I think this is a difference between Portuguese and English usage. In the UK, unless we are talking about certain continental breads (not the typical case), bread is not a count noun (we use loaf/loaves for this meaning) it is simply a type of food, therefore "a little bread" can mean a small quantity of bread.
No. That needs to be either "She eats a few breads" or "She eats a little bread". The first would be quite unusual in English but there are bread items which some people call "breads", things like breadsticks, for example (individual items are typically called "loaves" or "rolls").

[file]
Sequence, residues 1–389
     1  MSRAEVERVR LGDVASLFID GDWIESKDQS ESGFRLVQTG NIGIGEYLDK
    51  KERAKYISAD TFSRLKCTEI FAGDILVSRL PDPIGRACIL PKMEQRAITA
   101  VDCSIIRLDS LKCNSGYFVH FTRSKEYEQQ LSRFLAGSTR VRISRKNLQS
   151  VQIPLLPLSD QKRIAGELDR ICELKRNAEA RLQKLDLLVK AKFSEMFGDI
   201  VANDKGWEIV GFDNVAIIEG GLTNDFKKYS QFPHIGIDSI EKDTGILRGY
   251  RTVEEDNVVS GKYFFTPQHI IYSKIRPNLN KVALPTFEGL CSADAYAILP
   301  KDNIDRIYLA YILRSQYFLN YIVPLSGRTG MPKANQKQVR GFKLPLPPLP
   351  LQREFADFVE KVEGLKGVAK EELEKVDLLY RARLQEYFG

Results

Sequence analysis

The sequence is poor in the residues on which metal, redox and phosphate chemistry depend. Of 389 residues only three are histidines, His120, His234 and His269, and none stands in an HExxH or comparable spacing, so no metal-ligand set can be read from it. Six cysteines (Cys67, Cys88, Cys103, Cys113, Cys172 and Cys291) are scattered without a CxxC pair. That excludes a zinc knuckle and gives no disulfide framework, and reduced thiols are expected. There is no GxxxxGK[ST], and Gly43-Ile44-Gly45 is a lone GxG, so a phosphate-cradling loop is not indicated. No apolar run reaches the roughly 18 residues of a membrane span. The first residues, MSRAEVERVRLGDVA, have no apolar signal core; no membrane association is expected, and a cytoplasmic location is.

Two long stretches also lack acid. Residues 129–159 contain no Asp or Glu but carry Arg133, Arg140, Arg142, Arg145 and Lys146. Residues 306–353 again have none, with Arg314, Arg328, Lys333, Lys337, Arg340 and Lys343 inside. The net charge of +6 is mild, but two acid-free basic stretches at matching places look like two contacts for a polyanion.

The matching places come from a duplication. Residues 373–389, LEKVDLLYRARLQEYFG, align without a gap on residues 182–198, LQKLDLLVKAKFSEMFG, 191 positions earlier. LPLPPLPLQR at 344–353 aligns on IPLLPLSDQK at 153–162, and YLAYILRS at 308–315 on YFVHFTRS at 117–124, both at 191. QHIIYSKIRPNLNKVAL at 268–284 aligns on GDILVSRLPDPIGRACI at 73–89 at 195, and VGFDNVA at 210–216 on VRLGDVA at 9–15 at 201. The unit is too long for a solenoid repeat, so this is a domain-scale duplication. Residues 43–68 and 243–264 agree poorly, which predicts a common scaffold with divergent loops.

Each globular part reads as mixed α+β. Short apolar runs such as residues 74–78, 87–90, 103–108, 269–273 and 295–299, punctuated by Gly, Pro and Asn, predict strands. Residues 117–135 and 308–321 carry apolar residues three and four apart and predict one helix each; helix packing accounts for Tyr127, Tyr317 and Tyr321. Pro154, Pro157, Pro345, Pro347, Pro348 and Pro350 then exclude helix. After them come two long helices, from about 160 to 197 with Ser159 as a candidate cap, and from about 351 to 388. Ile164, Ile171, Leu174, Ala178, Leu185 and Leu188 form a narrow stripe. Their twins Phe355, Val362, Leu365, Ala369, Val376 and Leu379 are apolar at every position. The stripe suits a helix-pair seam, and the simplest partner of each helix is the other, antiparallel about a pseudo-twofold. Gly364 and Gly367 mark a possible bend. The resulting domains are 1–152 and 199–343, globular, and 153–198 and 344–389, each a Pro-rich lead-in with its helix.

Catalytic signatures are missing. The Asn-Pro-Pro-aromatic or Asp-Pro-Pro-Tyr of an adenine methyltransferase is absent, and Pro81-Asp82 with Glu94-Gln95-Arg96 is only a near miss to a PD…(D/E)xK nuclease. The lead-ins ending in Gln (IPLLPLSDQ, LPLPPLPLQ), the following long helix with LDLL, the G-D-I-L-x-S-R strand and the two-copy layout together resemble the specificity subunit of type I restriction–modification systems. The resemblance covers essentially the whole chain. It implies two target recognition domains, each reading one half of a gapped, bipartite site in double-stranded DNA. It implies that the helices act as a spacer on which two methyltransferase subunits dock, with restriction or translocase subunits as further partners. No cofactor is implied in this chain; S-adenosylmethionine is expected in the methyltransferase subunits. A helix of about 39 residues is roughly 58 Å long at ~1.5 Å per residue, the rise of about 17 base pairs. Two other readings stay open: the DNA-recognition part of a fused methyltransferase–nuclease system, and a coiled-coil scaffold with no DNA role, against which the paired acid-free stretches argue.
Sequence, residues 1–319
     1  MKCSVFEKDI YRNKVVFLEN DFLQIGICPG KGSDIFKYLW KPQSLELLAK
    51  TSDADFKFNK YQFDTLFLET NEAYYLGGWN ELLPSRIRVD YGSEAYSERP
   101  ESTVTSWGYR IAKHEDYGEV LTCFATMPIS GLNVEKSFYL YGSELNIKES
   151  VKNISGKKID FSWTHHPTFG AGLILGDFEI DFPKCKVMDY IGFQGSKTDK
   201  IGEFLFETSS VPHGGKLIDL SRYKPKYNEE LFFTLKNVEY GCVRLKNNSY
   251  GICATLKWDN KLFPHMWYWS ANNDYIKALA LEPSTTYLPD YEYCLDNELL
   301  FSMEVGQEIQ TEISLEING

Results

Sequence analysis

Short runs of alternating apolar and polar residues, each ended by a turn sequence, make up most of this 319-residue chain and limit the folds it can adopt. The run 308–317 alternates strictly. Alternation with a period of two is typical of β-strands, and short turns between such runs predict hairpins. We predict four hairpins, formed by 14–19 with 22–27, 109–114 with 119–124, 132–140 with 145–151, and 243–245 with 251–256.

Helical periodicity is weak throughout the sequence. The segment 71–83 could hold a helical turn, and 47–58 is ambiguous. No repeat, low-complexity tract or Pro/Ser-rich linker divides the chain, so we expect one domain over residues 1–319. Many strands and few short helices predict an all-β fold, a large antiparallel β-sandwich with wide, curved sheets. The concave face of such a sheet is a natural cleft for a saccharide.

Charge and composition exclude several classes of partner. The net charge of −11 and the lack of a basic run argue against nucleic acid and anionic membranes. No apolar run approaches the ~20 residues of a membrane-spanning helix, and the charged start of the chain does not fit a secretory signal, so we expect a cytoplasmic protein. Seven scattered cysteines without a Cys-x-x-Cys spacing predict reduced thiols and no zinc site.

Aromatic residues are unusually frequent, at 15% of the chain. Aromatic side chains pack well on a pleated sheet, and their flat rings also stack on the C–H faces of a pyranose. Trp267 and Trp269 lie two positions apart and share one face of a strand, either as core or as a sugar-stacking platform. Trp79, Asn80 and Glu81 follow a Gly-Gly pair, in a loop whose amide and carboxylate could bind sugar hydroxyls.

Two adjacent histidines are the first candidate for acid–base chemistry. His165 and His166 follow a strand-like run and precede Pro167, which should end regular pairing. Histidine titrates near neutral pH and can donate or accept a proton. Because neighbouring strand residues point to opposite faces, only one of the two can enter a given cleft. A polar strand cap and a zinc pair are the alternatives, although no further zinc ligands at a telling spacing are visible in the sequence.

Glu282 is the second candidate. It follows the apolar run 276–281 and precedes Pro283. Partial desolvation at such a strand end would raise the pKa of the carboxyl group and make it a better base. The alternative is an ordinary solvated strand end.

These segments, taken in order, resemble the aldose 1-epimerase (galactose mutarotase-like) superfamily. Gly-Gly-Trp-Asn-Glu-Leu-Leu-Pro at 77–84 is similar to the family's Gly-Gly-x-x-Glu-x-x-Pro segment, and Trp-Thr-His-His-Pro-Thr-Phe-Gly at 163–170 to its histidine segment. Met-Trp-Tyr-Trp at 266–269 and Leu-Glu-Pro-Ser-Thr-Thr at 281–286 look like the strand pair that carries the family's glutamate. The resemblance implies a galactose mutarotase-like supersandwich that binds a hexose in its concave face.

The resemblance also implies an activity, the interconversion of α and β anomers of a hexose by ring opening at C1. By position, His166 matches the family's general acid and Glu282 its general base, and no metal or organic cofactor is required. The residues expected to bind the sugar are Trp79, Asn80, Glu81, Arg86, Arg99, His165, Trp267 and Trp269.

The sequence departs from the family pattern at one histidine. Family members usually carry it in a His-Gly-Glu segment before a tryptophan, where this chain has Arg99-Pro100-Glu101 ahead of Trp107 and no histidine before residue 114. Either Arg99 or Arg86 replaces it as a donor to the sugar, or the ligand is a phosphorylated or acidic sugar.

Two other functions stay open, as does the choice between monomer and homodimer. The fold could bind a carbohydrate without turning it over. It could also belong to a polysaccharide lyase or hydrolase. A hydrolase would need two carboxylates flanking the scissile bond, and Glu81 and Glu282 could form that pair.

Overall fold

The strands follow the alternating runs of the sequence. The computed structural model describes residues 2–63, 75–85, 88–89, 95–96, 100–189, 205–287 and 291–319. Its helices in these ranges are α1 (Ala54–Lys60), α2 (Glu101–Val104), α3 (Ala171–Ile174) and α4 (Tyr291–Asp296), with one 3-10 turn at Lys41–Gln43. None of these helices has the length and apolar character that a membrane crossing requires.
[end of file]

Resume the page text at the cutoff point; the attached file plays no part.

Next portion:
"Some" is quite an ambiguous word in English. In theory, it could be any quantity at all from a little to a lot, though in every-day practice it is likely to mean a quite small amount. However, I would think "Ela come pão" is more suited as a translation to "she eats some bread", and "Ela come um pouco de pão" to "She eats a little bread".